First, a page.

Are ecologists excessively macho when it comes to statistical methods? I use the word macho in a purely gender neutral way – I use it to mean “posturing to show how tough one is and place oneself at the top of the hierarchy”.

In my experience ecologists have a long list of “must use” approaches to statistics that are more complicated than simpler methods but don’t necessarily change the outcome. To me this is a machismo attitude to statistics – “my paper is better because I used tougher statistics”. It has a Red-Queen dynamic – eventually what starts as a signal of being superior turns into something reviewers expect in every paper. But often times with a little thinking, there is really no reason this analysis is needed in a particular case (the reviewer who is requiring it is so far removed from the development of the approach that they have forgotten why it is really used). And even if the more complex approach might be relevant, it can be very costly to implement but often have very little impact on the final results. Thus what started out as statistical machismo turns into wasted time required by reviewers. Here are some of my hobby horses:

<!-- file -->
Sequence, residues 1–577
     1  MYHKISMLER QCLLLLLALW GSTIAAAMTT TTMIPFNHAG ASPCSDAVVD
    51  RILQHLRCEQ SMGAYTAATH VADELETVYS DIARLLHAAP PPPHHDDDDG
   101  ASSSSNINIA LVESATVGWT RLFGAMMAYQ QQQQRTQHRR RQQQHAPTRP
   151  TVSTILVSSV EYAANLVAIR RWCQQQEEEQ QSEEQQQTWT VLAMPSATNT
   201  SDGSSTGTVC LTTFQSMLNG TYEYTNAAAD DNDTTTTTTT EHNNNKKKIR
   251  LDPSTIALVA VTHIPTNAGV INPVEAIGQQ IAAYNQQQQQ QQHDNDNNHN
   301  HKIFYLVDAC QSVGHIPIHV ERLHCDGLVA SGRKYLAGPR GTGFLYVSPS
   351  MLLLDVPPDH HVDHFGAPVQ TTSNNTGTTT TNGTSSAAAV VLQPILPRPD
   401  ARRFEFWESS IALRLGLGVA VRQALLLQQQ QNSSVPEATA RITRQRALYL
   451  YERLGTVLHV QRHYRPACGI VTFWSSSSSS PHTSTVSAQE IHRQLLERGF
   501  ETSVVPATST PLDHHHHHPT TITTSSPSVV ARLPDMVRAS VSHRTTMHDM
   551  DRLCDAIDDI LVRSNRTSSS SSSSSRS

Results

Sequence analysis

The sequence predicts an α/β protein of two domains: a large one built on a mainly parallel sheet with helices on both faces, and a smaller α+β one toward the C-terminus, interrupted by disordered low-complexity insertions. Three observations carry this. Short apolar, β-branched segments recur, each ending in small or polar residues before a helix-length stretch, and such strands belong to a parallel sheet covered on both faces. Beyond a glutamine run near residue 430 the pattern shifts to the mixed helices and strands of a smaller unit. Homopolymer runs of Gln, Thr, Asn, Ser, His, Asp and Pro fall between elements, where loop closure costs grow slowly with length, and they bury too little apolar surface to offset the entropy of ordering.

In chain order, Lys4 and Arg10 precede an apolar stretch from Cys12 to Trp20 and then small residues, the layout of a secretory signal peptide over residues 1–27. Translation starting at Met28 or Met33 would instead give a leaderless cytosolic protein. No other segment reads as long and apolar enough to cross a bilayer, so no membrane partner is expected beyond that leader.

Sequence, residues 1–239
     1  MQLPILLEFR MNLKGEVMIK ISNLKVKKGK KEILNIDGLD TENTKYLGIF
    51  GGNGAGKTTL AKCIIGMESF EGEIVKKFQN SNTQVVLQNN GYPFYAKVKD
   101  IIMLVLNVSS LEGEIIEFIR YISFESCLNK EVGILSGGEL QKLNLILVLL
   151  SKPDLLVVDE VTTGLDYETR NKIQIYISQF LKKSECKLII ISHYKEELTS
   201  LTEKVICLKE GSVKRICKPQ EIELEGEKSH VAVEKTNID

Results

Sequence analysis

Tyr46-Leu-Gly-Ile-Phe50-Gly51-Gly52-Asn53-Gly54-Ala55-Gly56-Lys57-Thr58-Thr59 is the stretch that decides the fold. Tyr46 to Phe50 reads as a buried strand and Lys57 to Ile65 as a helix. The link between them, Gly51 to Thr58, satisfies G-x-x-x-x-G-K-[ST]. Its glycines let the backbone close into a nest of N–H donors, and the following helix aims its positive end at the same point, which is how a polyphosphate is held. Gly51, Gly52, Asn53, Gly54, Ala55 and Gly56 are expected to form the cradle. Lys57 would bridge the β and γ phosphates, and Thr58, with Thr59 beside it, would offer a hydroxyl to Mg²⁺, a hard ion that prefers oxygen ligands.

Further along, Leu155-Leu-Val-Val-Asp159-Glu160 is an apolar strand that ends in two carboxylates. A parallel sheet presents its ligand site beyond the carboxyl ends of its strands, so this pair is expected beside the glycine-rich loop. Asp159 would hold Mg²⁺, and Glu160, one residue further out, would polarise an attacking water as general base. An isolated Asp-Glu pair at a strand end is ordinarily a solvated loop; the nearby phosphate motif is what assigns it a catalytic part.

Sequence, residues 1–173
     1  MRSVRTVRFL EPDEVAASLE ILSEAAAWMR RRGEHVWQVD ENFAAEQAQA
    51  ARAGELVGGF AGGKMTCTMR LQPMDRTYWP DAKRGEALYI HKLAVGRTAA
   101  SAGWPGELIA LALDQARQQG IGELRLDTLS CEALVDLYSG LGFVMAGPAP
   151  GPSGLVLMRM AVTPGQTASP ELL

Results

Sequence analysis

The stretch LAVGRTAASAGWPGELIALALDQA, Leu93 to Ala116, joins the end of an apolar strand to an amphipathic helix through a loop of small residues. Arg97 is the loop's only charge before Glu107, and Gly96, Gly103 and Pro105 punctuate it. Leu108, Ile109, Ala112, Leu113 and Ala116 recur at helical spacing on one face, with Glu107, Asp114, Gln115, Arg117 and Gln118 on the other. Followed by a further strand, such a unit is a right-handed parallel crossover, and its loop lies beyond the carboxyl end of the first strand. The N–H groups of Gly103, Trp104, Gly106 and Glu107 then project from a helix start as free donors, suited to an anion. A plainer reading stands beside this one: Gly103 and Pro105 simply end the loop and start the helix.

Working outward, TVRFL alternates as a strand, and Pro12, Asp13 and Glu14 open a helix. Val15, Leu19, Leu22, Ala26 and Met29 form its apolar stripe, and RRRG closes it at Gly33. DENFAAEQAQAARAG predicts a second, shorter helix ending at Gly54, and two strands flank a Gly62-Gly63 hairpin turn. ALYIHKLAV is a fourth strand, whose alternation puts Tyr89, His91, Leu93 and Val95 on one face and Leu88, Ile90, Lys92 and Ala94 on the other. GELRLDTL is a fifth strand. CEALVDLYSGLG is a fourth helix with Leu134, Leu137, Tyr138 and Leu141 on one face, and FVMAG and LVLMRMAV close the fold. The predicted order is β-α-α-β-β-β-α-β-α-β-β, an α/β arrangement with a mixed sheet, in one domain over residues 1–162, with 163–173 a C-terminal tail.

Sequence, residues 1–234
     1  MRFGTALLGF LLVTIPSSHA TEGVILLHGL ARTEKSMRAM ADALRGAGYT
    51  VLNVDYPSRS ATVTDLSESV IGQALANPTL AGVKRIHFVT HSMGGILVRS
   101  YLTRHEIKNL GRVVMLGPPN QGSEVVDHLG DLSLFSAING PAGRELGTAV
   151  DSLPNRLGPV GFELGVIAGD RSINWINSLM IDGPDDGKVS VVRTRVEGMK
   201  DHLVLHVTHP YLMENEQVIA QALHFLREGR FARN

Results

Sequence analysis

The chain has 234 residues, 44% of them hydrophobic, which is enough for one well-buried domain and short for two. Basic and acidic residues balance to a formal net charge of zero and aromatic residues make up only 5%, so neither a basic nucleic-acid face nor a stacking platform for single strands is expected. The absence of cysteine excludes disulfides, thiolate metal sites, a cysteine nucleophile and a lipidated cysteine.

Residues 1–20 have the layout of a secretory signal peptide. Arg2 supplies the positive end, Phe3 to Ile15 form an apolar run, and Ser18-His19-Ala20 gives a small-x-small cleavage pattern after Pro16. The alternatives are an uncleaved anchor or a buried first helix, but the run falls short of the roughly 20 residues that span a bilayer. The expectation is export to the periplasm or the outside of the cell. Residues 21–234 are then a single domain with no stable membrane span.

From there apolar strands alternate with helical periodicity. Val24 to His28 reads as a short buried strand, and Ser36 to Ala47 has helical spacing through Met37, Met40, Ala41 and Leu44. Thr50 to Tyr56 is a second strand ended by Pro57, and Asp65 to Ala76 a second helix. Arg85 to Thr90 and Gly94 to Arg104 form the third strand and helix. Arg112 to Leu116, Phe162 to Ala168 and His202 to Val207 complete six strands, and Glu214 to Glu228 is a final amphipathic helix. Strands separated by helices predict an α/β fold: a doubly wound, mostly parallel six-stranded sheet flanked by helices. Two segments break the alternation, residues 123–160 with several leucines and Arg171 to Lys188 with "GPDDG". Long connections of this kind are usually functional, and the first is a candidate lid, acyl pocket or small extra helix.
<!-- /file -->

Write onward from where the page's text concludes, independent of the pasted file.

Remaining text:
**Bonferroni corrections**– One should be careful of multiple comparisons and the possibility of increased Type I error. However, this is carried way overboard. First of all, one is usually told to use the Bonferroni method which is known to error way on the other side and be excessively conservative. Secondly it is used without thought about why it might be required. I recall a colleague who had measured about 35 floral traits in two populations. About 30 of them came back as significantly different. Reviewers told them to do a Bonferroni correction. To anybody who understands the biological question and the statistics, a Bonferoni correction will make no difference in the final answer (OK only 26 out of 35 traits will be significant after correction but are we now going to conclude the populations haven’t differentiated?). Now if only 2 or 4 out of 35 were significant at p<0.05, then some proper correction would absolutely be needed (but then the whole conclusion probably ought to change regardless of Bonferroni outcomes in this case). But when 30 out of 35 were significant we’re still going to waste time on Bonferroni correcionts?**Phylogenetic corrections**– Anytime your data points represent different species (i.e. comparative analysis), you are now expected to do some variation of PIC (phylogenetically independent contrasts) or GLS regression. I know there are a handful of classic stories that reverse when PICs are used. But now people are expected to go out and generate a phylogeny before they can publish any comparative analysis. Even when we don’t have good phylogenies for many groups. And when the methods assume the phlogenies are error-free which they are not. And when the p-values are <0.0000001 and unlikely to change under realistic evolutionary patterns. I once was told I had to do a phylogenetic regression when my dependent variable was abundance of a species. Now of all traits that are not phylogenetically conserved, abundance is at the top of the list (there is published data supporting this), guaranteeing there could not be a phylogenetic signal in this regression. When I argued this, my protagonist eventually fell back on “well that’s how you do good science” to justify why I should still do it – there was no link back to the real issues.**Spatial regression**– Increasingly reviewers are demanding some form of spatial regression if your data (specifically residuals) are spatially structured. It is true that treating points as independent when they are spatially autocorrelated can lead you to Type I error. But it usually doesn’t change your p value by orders of magnitude and in real world cases, many spatial regressions have hundreds of points and p-values with 5 or 6 leading zeros. They’re still going to be significant after doing spatial GLS. And, here is the important point – ignoring spatial autocorrelation does not bias your estimates of slope under normal circumstances (at worst it makes it less efficient) – so ignoring autocorrelation will not introduce error into studying the parameters of the regression. You can also use simple methods to adjust the degrees of freedom and hence p-value without performing spatial regression. Incidentally, I think the most interesting thing to do with spatial autocorrelation is to highlight it and study at as being informative, not to use statistical techniques that “correct it out” and let you ignore it – the same thing I would say about phylogenetic correlation. Note that all of these arguments apply to timeseries as well.**Detection error**– I am running into this increasingly with use of the Breeding Bird Survey. Anytime you estimate abundance of a moving organism, you will sometimes miss a few. This is a source of measurement error for abundance estimates known as detection error. There are techniques to estimate detection error, but – and here’s the kicker – they effectively require repeated measures of essentially the same data point (i.e. same time, location and observer) or distance-based sampling where distance to each organism is recorded, or many covariates. This clearly cuts down the number of sites, species, times and other factors of interest you can sample and is thus very costly. And even if you’re willing to pay the cost, it’s not something you can do retroactively on a historical dataset like the Breeding Bird Survey. Detection error also requires unrealistic assumptions to calculate such as the assumption the population is closed (about like assuming a phylogeny has no errors). Now, if one wants to make strong claims about how an abundance has gone from low to zero, detection error is a real issue (see the debate on whether the Ivory-billed woodpecker is extinct). Detection error also can be critical if one wants to claim cryptic species X is rarer than loud, brilliantly colored species Y since the differential detectabilities biases the result. And detection error alone indubitably biases estimates of site occupancy downward (you can only fail to count individuals in detection error) but this assumes detection error is the only or dominant source of measurement error (e.g. might mistaken double counting of individuals accidentally cancel out detection error). But if one is looking at sweeping macroecological questions, primarily comparing within a species across space and or time, it is hard to spin a scenario where detection error is more than a lot of noise.**Bayesian methods**– this one is a mixed bag (Jeremy has discussed his view on Bayesian approaches previously here and here). There have been real innovations in computational methods that are enabled by Bayesian approaches (e.g. hierarchical process models sensu Clark et al). Although even here, it is in most cases the Markov Chain Monte Carlo (MCMC) Method as a computational tool to numerically solve complex likelihood that is the real innovation – not Bayesian methods. (As an aside, to truly make something Bayesian*sensu strictu*in my mind you need to have informative priors which ecologists rarely do, but I know others enjoy the philosophical differences between credible intervals vs. confidence intervals, etc). Notwithstanding these benefits, I have reviewed papers where a Bayesian approach was used to do what was basically a two-sample t-test or a multivariate regression or even a linear hierarchical mixed model (OK the last is complicated but still not as complicated to most people as the Bayesian equivalent). Apparently I was supposed to be impressed at how much better the paper was because it was Bayesian. Nope. The best statistic is one that is as widely understood as possible and good enough for the question at hand.